Quadrat I + II: Eff It with Color

  • Graley Herren


Before one writes a sentence about Beckett’s fourth teleplay, one already encounters difficulties. The first problem arises from the very decision to speak for a tele-mime that conspicuously declines to speak for itself. Having cleared that hurdle, one then faces a rather embarrassing and irksome nominative obstacle: what is the teleplay’s name? Commentators cannot even agree on that much. Beckett’s preproduction notes used the provisional title “Quad,” but the actual production deviated significantly from original plans, eventually including a sequel collectively broadcast by SDR on October 8, 1981 as Quadrat I + II.1 Despite Beckett’s explicit adoption of this new title, most critics persist in using the abandoned title Quad.2 Critical confusion seems appropriate, however, given the playwright’s own conflicted frustration with the piece. His first known reference to the teleplay came on January 1, 1980 in letter to Alan Schneider, where he mentioned a “crazy TV piece for Stuttgart” (Harmon 383). When he finally visited the Stuttgart studios in April 1981 for preproduction discussions of “Quad,” he was extremely discouraged by the results. He reported back to Schneider, “The few days in Stuttgart were not very satisfactory. I’m quite lost in TV technicalities & shall never write again for that medium” (Harmon 403). Of course, his previous work had displayed innovative use of “TV technicalities,” and he would in fact return to the television medium for two more projects.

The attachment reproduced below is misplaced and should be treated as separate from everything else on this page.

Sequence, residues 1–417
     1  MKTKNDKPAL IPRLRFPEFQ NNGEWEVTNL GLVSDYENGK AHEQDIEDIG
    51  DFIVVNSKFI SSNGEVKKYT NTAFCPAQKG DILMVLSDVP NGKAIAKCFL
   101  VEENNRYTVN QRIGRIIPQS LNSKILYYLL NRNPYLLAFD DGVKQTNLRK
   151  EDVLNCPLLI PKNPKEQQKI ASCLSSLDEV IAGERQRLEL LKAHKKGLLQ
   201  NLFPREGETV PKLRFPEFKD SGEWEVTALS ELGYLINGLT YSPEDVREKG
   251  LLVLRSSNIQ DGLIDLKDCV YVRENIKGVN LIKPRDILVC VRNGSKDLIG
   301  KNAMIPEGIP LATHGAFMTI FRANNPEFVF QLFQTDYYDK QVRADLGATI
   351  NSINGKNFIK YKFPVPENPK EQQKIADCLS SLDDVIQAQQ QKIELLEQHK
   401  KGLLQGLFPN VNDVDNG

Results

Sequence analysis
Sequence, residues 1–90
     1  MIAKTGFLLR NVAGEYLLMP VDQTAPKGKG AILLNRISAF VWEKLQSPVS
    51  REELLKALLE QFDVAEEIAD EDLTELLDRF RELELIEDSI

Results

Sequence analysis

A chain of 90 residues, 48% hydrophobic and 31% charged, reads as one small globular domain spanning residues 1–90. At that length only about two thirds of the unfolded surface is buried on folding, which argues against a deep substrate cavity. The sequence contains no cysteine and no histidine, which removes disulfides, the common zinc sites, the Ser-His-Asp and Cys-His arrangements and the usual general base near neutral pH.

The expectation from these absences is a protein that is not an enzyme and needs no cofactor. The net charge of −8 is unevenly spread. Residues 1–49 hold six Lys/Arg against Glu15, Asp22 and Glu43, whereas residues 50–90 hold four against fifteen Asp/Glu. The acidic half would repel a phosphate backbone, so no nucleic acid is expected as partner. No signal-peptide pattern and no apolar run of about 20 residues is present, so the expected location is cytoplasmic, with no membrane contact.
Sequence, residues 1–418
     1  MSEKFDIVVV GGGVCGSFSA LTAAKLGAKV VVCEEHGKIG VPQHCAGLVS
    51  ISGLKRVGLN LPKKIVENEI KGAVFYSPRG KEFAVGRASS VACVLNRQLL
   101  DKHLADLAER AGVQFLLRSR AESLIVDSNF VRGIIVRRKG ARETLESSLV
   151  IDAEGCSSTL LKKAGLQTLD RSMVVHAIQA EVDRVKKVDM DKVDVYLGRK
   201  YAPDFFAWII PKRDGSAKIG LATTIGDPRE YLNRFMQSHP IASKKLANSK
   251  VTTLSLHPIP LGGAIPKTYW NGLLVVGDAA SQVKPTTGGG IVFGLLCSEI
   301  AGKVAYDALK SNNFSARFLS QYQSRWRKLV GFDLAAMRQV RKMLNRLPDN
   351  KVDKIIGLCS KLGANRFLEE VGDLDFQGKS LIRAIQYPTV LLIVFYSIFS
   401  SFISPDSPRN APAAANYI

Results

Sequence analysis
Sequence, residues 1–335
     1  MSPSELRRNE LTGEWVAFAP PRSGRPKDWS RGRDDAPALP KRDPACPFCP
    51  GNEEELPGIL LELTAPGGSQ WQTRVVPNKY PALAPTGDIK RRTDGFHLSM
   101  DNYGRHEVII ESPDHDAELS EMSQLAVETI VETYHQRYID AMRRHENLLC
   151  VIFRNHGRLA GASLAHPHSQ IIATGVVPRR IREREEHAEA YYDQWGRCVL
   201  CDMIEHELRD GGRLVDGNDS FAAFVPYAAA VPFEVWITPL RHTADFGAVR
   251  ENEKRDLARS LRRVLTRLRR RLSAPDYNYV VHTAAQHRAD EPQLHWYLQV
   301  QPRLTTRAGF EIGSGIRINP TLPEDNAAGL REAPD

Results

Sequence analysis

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  1. 7.
    For a thorough analysis of “J.M. Mime,” see Anna McMullan, “Samuel Beckett’s ‘J.M. Mime’: Generic Mutations of a Dramatic Fragment,” Samuel Beckett Today/Aujourd’hui 16 (2006): 333–45.CrossRefGoogle Scholar
  2. 10.
    For the most complete analysis of the nihilist impulse running throughout Beckett’s oeuvre, see Shane Weller, A Taste for the Negative: Beckett and Nihilism (London: Legenda, 2005).Google Scholar

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© Graley Herren 2007

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  • Graley Herren

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